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Moscow's responsibility in space arms talks

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The Kremlin's handling of its latest antisatellite (ASAT) negotiating offer casts doubts on Soviet motives. Viewed from Washington, it suggests the Soviets are looking for a free ride in arms control at US expense.

Since the offer was first announced in June, the Kremlin showed itself uninterested in serious talks. The very day after offering to negotiate, the Soviets dismissed as ''totally unsatisfactory'' an American acceptance. The indications are that they expected and would have preferred a US rejection. They hoped to advance their claim for the high ground in a propaganda battle with the United States. One did not need the Soviets' most recent refusal to see through their tactics.

Moscow's maneuver also suggests a grave misreading of the American political process. It is a mistake for the Soviets to see this country's debate over US arms control policy as indicating self-doubt which can easily be exploited by Moscow. In contrast to the Soviet Union, where dissent is equated with weakness, argument in the US is a vital element of our political fiber.

Among members of Congress who urge compromise and flexibility in negotiations , there is no delusion about the nature of the Soviet state. We back arms control not because of a benign view of Soviet intentions, but because of a belief that serious differences in US and Soviet goals require that competition be regulated to avert disaster. Were the Soviet Union a friendly power, arms control would not be necessary. We do not need treaties with nations like Britain.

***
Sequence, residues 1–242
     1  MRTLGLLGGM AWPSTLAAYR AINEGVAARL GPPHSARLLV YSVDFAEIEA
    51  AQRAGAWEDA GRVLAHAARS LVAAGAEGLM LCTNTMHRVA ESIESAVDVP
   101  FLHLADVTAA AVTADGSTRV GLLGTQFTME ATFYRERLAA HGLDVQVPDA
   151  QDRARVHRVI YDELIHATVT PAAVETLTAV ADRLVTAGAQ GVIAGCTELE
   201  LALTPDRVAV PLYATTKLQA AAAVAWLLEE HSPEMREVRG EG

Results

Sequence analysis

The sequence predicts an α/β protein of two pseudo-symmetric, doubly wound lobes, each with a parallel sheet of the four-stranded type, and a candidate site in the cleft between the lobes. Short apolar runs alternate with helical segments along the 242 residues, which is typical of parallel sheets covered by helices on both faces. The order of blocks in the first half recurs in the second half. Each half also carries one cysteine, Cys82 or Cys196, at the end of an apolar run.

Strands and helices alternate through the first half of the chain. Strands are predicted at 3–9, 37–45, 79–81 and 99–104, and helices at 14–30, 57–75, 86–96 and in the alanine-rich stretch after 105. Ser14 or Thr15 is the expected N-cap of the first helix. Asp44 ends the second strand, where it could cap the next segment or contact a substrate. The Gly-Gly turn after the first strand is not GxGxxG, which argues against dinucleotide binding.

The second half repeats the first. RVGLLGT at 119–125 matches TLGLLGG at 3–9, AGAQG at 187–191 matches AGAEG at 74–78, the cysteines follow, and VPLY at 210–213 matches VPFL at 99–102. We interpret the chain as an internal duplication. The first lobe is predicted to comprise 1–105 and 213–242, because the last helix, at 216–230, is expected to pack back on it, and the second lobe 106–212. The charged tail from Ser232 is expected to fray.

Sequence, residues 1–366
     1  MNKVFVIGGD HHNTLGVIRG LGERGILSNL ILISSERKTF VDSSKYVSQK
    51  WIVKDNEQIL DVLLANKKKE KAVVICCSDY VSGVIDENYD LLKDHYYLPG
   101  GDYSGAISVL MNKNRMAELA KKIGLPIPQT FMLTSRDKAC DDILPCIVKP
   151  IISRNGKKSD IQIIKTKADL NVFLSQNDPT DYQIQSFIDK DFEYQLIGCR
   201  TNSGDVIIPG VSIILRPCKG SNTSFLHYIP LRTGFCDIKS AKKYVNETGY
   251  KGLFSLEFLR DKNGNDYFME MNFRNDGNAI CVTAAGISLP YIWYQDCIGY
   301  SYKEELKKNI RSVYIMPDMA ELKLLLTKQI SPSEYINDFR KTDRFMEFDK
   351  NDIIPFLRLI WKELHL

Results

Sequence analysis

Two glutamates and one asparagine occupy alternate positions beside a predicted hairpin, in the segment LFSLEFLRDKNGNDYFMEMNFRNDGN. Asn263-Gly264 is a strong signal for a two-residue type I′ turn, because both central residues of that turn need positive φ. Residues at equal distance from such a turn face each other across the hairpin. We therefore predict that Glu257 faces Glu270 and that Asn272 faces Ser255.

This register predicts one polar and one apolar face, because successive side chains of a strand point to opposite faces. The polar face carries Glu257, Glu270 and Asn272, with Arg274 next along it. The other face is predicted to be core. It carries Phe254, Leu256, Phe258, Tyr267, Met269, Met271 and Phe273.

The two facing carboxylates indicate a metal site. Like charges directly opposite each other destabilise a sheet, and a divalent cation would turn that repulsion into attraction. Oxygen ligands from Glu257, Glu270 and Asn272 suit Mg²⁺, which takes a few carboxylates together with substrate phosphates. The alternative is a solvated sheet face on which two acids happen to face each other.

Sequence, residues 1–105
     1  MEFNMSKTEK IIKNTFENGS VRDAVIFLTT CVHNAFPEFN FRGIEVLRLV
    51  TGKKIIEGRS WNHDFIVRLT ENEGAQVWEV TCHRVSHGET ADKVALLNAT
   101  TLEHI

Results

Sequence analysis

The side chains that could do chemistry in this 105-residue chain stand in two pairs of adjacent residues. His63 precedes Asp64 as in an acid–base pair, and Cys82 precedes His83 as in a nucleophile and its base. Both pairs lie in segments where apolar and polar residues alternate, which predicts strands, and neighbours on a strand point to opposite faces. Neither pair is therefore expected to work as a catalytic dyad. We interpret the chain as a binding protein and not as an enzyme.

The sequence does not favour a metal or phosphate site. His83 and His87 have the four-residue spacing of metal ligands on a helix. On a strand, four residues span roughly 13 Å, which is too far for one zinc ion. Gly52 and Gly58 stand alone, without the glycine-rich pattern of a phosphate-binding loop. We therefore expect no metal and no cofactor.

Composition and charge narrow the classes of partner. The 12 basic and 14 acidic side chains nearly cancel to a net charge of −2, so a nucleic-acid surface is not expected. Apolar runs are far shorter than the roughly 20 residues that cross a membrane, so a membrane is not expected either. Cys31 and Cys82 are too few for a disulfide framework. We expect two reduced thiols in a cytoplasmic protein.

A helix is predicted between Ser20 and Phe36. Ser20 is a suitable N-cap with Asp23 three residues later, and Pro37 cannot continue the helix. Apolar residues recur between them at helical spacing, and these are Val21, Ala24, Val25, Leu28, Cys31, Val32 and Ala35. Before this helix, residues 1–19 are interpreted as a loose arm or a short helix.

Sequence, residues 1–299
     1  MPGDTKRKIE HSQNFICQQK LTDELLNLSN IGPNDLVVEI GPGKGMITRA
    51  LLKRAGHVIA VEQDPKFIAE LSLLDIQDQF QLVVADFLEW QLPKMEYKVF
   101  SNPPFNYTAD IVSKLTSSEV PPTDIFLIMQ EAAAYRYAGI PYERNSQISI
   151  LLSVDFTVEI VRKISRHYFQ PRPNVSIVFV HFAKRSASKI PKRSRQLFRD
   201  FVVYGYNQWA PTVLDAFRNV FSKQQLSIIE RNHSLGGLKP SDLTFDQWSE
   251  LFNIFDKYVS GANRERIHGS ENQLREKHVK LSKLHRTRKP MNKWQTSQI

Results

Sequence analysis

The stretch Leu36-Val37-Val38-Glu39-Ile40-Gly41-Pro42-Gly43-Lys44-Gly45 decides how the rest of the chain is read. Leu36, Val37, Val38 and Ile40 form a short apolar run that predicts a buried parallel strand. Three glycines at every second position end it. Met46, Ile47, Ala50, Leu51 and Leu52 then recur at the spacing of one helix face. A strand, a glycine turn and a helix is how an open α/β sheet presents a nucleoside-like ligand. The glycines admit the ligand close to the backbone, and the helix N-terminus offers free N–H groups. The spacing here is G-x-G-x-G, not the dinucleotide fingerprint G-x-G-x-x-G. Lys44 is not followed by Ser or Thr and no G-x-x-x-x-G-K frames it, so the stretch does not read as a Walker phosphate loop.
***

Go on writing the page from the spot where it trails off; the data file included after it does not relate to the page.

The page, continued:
Those who have urged that space talks begin have done so in the belief that a space arms race poses serious long-term risks to US security interests and not out of fear of Soviet space programs. If arms control helped to avoid the dangers, it would be a better alternative. But what is needed is a serious agreement, not just a signed piece of paper.

When the US initiated its ASAT program, it did so to lure the Soviets into negotiations. The goal was dismantlement of the Soviet ASAT in exchange for a halt to the US development effort. Space talks were conducted in 1978-79. Unfortunately, all other arms control talks were suspended after the Soviets invaded Afghanistan.

After Ronald Reagan entered office, most talks resumed, but ASATs were excluded. While some Washington officials argued that prospects for an accord were slim, others noted Soviet eagerness for ASAT discussions and believed that progress in developing our ASAT provided bargaining leverage.

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